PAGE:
Source: Michael Powell, A Life in Movies: An Autobiography (London: William Heinemann, 1986), pp. 90-91
Text: There was a cinema at Chantilly. There were local cinemas everywhere in those days. Chantilly was not a large town, but I think it had two. The one near us was down a side street and advertised that it was open for business by an electric buzzer which rang until the show started. I can hear that remorseless bell shattering the calm under the plane trees whenever I think of Chantilly. It is curious how the French, most sensitive of nations, are insensitive to noise, particularly if it is a new and splendid noise that stands for Progress.
The films were mostly serials, like the French films I had seen at the Palais de Luxe in Canterbury. One of my earliest movie images is of Fantomas, the Master Crook of Paris. When he wasn’t wearing white tie and tails, a can, a top hat, and an opera-cloak, he was in black tights with a black mask, performing incredible feats of hide-and-seek with the police. The image that stays with me is of an open cistern of water in the attic of some house. The police dash in, in pursuit of Fantomas, and find nobody. Baffled, they withdraw, but the Chief takes one last look at the cistern, sees a straw floating on the surface of the water, gives it an idle flush. Aha! we all think. And sure enough! As the last policeman goes, the water stirs and bubbles and the black form of Fantomas appears from the depths, between his lips the straw through which he has been breathing! I can see now his black figure, glistening like a seal’s, smiling triumphantly at the camera. For, in silent films, one learnt to “register” to the camera.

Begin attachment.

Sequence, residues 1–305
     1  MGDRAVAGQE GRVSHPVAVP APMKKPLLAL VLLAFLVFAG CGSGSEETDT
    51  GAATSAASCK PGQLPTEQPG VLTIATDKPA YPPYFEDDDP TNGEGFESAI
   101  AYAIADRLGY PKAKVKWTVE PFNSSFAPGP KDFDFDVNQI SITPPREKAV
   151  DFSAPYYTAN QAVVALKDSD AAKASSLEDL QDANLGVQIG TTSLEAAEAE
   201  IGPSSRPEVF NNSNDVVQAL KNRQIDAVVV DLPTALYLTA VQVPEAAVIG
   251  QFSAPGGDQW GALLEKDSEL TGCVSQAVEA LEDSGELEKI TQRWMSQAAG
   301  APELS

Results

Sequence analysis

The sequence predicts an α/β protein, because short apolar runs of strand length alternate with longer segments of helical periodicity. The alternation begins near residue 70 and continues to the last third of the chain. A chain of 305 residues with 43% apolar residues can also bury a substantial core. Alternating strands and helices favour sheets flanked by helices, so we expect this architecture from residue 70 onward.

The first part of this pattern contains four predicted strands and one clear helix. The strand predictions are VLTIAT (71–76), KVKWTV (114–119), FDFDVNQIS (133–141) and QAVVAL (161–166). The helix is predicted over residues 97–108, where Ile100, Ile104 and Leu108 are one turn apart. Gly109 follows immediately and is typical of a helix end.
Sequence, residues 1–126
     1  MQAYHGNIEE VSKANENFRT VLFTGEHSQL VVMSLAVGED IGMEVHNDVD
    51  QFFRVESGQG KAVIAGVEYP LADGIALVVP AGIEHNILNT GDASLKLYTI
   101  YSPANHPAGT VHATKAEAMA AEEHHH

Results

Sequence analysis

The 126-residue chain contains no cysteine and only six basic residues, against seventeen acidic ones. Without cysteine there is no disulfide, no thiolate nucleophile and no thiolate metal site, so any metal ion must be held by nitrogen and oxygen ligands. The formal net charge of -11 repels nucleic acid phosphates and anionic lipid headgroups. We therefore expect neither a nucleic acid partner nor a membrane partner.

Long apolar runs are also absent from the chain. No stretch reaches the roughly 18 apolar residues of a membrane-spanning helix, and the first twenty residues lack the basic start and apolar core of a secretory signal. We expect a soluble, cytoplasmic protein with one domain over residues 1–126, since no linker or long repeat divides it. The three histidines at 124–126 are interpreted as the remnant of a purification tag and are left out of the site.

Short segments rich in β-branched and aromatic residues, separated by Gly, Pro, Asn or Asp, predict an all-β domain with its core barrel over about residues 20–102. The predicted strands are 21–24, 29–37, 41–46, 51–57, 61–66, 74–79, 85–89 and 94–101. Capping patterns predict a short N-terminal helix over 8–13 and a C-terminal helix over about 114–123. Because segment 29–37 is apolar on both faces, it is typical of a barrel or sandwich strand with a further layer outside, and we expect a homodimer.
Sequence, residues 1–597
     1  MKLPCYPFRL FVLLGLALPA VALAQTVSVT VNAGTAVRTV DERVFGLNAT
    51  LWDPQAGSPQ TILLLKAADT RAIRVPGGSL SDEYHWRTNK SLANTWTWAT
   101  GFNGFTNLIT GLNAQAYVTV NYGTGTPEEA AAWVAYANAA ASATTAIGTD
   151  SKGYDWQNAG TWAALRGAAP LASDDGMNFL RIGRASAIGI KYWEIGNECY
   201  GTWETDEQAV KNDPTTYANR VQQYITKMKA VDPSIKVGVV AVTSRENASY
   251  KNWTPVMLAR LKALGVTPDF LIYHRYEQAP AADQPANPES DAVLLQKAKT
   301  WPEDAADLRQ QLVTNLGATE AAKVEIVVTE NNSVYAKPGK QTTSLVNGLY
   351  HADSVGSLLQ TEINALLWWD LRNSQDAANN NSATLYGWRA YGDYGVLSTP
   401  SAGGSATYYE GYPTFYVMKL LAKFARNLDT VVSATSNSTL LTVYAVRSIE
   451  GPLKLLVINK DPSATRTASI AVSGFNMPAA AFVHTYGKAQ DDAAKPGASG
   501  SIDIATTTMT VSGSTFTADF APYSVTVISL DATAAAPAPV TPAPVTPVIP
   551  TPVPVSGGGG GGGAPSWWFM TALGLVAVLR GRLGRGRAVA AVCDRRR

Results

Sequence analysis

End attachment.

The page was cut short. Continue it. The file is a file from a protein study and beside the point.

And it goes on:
Candy and the movies have always gone together, and in the intervals at Chantilly girls moved up and down the aisle chanting “pochettes surprises! … esqimaubriques!” There were frequent intervals. In 1919 most films were short comedies. In addition they were playing an interminable serial in fifteen episodes of The Three Musketeers, and there was another serial staring the famous French boxer Georges Carpentier. I believe that d’Artagnan was Aimé Simon-Girard, and as a movie historian I ought to check it with the dates, but I really don’t think it matters. Aimé Simon-Girard was in practically every romantic French costume film of that decade and the Musketeers serial may have been a year later. The Carpentier film I remember well. He was not an actor of any kind, but he was charming, and his flattened nose on his pretty face gave him a different look. The film was full of stunts, of course. All serials had to be full of stunts: jumping on and off moving trains. onto moving automobiles, flights on the edge of high buildings, all the tricks of the trade, from Georges Méliès to Superman. Carpentier moved obligingly (he had a pleasant smile) through the scenes, and we all thought he was splendid. Films were tinted then: the predominant colour of the Carpentier serial seemed to be green. The Musketeers did their stuff in a sort of Old Master yellowish-brown, suitable for cloak and rapier adventures. Night scenes, of course, were blue.
Comment: Michael Powell (1905-1990) was a British film director. His family stayed for a time immediately after the First World War at Chantilly in France, where his father had a share in a hotel. Les Trois Mosquetaires with Aimé Simon-Girard was made in 1921; the Georges Carpentier serial is probably Le trésor de Kériolet (France 1920).